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We have been experimenting with using computer software in

almost all of our undergraduate mathematics courses. In particular,

I have focused on using GAP in our beginning course in abstract

algebra. As a preface to explaining what we have settled on,

let me begin by describing our beginning our algebra course.

All mathematics majors are required to take one term of abstract

algebra. One reason for this is that it is one of only two

courses in which primary emphasis is placed on developing

"mathematical maturity." That is to say, we have

regarded our beginning undergraduate algebra course as

a theoretical course where students are expected to learn

to write proofs precisely and accurately, to think and reason

logically, and to gain an appreciation for generalization and

abstraction.

The course introduces groups, rings, and fields, with lots of

examples, and covers the standard theorems (e.g., Lagrange's Theorem,

Fundamental Homomorphism Theorem for groups and rings, Fundamental

Theorem of Field Theory). The content is a slightly abridged

version of the first 25 chapters of Joseph A. Gallian's

``Contemporary Abstract Algebra'', Third Edition, 1994,

D. C. Heath and Company, Lexingon, Massachusetts.

Such a full agenda leaves little time for extended computer

projects. Nevertheless, with careful planning we

have supplemented this theoretical approach with

four computer projects, using GAP (for groups) and MAPLE (for

rings and fields). About one class period is devoted to each

project. These examples show the value of the

computer in pedagogy, understanding, research, and application.

In the first project the computer is used to solve various sliding

block puzzles. Specifically, students specify sets of generators

and the computer calculates their subgroups. Students might wonder

how the computer is able to do this, and it could lead,

although not in this course, to further study of generators and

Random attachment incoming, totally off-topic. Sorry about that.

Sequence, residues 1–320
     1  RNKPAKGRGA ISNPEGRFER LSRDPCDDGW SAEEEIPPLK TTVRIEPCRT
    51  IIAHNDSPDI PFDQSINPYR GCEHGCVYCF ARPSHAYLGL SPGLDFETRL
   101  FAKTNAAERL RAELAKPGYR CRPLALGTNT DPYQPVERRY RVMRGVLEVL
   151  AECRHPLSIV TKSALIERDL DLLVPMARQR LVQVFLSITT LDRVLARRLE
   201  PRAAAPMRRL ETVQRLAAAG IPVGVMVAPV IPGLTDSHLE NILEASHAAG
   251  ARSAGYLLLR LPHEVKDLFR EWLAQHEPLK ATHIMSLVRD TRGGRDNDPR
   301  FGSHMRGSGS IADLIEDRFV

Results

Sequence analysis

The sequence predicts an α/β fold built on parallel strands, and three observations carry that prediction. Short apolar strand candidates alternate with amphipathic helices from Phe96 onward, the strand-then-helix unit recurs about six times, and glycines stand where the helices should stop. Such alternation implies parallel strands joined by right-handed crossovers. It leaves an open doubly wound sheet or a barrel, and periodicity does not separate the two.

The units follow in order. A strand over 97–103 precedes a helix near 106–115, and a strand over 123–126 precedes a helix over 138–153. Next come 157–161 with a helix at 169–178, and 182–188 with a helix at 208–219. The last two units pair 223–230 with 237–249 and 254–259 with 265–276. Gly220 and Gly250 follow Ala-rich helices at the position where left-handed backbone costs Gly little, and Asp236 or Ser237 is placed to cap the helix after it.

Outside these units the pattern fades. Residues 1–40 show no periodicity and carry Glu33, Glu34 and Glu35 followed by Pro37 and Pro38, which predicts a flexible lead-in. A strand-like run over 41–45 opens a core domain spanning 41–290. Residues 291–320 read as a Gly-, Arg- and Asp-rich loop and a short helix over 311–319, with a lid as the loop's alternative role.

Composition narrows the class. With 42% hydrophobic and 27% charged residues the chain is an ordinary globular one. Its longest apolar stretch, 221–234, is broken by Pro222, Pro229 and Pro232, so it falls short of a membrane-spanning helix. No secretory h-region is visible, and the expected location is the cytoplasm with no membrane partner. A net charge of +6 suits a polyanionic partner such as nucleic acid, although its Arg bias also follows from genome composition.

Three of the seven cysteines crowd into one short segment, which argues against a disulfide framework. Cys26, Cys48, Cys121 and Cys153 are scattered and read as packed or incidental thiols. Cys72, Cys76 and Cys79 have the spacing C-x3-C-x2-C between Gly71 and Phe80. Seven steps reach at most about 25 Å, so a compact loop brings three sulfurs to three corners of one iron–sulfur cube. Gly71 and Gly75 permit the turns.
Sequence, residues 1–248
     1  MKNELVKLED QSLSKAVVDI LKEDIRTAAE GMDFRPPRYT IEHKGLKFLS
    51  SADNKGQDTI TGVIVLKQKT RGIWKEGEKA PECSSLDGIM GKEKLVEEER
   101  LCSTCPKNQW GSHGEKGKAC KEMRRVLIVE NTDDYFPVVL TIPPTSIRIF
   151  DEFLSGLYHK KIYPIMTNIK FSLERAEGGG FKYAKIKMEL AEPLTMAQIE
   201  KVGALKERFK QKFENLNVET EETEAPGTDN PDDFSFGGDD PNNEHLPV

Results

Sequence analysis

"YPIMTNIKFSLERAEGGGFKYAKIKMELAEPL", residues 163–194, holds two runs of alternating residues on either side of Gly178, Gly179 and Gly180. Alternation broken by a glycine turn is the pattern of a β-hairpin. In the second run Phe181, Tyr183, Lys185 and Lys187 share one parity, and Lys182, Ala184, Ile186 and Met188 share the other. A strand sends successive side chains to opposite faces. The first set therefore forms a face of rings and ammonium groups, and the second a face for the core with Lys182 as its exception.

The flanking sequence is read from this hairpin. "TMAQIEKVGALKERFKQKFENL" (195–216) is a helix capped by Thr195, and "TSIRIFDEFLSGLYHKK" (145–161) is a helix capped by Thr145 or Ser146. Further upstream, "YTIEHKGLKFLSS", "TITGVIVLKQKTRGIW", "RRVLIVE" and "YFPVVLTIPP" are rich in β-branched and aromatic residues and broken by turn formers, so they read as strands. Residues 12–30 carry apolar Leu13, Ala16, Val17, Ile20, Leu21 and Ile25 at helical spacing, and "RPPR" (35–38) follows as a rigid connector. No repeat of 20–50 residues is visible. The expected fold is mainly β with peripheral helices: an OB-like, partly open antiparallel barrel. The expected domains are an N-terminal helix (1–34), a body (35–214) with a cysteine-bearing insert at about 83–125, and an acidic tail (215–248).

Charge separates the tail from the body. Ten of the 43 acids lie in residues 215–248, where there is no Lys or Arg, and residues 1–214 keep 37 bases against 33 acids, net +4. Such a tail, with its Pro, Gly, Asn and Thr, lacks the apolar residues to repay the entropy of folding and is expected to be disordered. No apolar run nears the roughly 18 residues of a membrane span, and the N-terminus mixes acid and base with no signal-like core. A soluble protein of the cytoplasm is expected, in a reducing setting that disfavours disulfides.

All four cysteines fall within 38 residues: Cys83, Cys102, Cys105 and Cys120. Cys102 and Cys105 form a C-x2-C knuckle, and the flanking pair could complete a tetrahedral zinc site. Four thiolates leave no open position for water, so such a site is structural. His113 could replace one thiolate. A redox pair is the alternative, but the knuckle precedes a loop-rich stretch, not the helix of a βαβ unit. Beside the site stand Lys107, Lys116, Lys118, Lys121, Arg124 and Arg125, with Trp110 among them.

relations, and the Todd-Coxeter algorithm.

The second project helps students understand the Fundamental Theorem

of Finite Abelian Groups. Specifically, for arbitrary $n$, students

use the computer to help them identify the group of units

modulo $n$ as a direct sum of cyclic groups of prime power order,

and to construct its cycle graph.

In the third project, students ask questions such as ``What

proportion of the elements of a group have property $P$?''

The computer grinds out data and calculates the proportion for

any desired group. This, in turn, leads to conjectures and

possible proofs.

The fourth project uses the computer to calculate

``encoding'' polynomials for multiple error correcting BCH codes.

The computer is also used to detect and correct

errors in received messages. Among other things, this project

reinforces the importance of finite field algebra.

These projects show students the scope and power of computer

software, and hopefully motivates them to want to continue

their studies in mathematics and algebra in particular.

I am currently preparing versions of these projects for

distribution by e-mail (in plain TEX). If interested in

getting a copy by e-mail, my address is

larson@stolaf.edu

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